May 29, 2024

Wildcats pound Tigers to give Klieman first bowl win

Kansas State Wildcats Football

Kansas State Coach Chris Klieman hoists the Texas Bowl Trophy after celebrating a 42-20 win over LSU Tuesday January 4, 2022 at NRG Stadium. (Lynn Harrington/stayaliveinpower5)

HOUSTON — The Texas Bowl was the last game before Monday’s National Championship, and the Big 12 swept the SEC.

Kansas State came out on fire and throttled LSU 42-20 in front of a crowd of 52,207 at NRG Stadium. Although the final score looked more respectable because of a last second Tiger touchdown, the game was an absolute blowout. It was Coach Chris Klieman’s first bowl win with the program and he was able to give a host of his seniors a happy farewell.

It was clear from kickoff that Kansas State wanted to be there and LSU (6-7) didn’t even get off the bus mentally. The Wildcats’ intensity throughout the clash didn’t surprise Klieman one bit, considering none of his players opted out of the contest.

Kansas State played with some tempo on offense for the first time this season. The unit dictated what it wanted and controlled the trenches. The Wildcats scored a touchdown on three of their first four drives. Each of those drives were long and methodical too. The second one consisted of 18 plays and took over nine minutes off the clock, which left LSU’s defenders fatigued and demoralized. It turned out to be the longest drive in Texas Bowl history, in terms of plays and duration.

Klieman credits the success of the offense to Collin Klein, who he promoted to Offensive Coordinator for the bowl.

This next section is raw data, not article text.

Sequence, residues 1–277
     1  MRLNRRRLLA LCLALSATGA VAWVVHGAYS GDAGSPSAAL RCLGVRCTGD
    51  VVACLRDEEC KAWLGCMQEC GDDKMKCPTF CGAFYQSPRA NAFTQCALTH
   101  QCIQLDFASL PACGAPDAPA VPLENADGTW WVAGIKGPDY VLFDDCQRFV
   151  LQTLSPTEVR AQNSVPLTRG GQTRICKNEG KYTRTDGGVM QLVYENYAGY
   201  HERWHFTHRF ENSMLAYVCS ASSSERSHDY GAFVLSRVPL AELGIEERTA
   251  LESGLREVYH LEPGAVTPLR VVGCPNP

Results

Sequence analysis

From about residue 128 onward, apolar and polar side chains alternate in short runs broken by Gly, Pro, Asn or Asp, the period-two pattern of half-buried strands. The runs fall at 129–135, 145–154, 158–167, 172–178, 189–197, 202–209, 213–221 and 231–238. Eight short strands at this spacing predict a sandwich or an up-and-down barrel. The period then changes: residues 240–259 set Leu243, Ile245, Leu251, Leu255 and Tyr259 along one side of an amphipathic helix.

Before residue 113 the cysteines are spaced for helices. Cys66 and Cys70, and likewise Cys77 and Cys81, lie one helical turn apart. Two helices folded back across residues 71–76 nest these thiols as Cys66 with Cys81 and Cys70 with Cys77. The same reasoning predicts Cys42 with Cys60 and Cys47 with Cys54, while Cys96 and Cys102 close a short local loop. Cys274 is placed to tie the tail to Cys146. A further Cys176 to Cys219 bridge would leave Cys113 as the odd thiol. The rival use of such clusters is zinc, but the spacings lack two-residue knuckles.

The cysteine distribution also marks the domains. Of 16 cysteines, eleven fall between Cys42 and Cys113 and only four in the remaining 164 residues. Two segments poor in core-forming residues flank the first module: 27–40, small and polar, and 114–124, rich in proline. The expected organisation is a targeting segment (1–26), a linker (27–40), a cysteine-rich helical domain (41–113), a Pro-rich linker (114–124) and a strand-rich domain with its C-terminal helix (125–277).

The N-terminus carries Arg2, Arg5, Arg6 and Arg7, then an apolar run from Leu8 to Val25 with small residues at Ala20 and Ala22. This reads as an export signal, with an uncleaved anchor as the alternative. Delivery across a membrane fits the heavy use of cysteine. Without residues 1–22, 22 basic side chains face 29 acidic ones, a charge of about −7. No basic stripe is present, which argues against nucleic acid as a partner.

“I loved his preparation, he had a great body of work,” Klieman said. “The guys love Collin, and they’re going to play their tails off for Collin, and they should, he’s K-State, in my mind.”

Quarterback Skylar Thompson is another individual who’s synonymous with the Wildcats. He went out with a bang on his final game playing alongside his brothers. Thompson completed 21 of his 28 passes, for 259 yards and three touchdowns.

Not to mention he was also named the Texas Bowl MVP. Thompson’s performance was a reflection of the legacy he left with the program, and that made Klieman proud.

“For him to be on point like he was, and know that people were coming after him, and hanging in there and throwing some strikes, he was phenomenal,” he said.

All-American running back Deuce Vaughn had a monster outing and carved up LSU’s defense like Thanksgiving turkey. Vaughn finished with 157 yards on the ground and scored four total touchdowns. It was the most-ever in a bowl game by a Kansas State player.

It was also Vaughn’s ninth game this season of surpassing the century mark in rushing. In Klieman’s eyes, Vaguhn is what makes the Wildcats’ offense go, and arguably the most important player on the roster.

“He’s the best player in college football, in my opinion and for a reason, a consensus first-team All-American,” the 54-year old coach said. “Most humble kid I’ve been around, but he’s a workhorse and our players love him.”

Wide receiver Phillip Brooks finished with a game-high, seven catches, but it was Malik Knowles who caught two touchdowns. Although Kansas State’s offensive line allowed two sacks, the unit played arguably its’ best game of the season. Thompson had time to throw in the pocket throughout the night and gaping holes were opened for Vaughn to run through.

Kansas State (8-5) finished with 134 more yards of total offense than LSU and ran 14 additional plays. The Wildcats also dominated in time of possession and held the ball for nearly five minutes longer than the Tigers.

On defense linebacker Daniel Green led the Wildcats with a team-high, six total tackles. Although Kansas State’s defense didn’t generate any sacks, safeties Russ Yeast and Ross Elder each picked off a pass. The Wildcats’ defense held the Tigers to 308 yards of total offense, which tied for their second-lowest output of the season.

Above all, Kansas State was able to snap a three-game losing streak. There was a lot of purple and white in the venue, and Klieman is grateful of the support from fans.

“My hat’s off to K-State nation and the fan base for coming out, what an electric crowd.”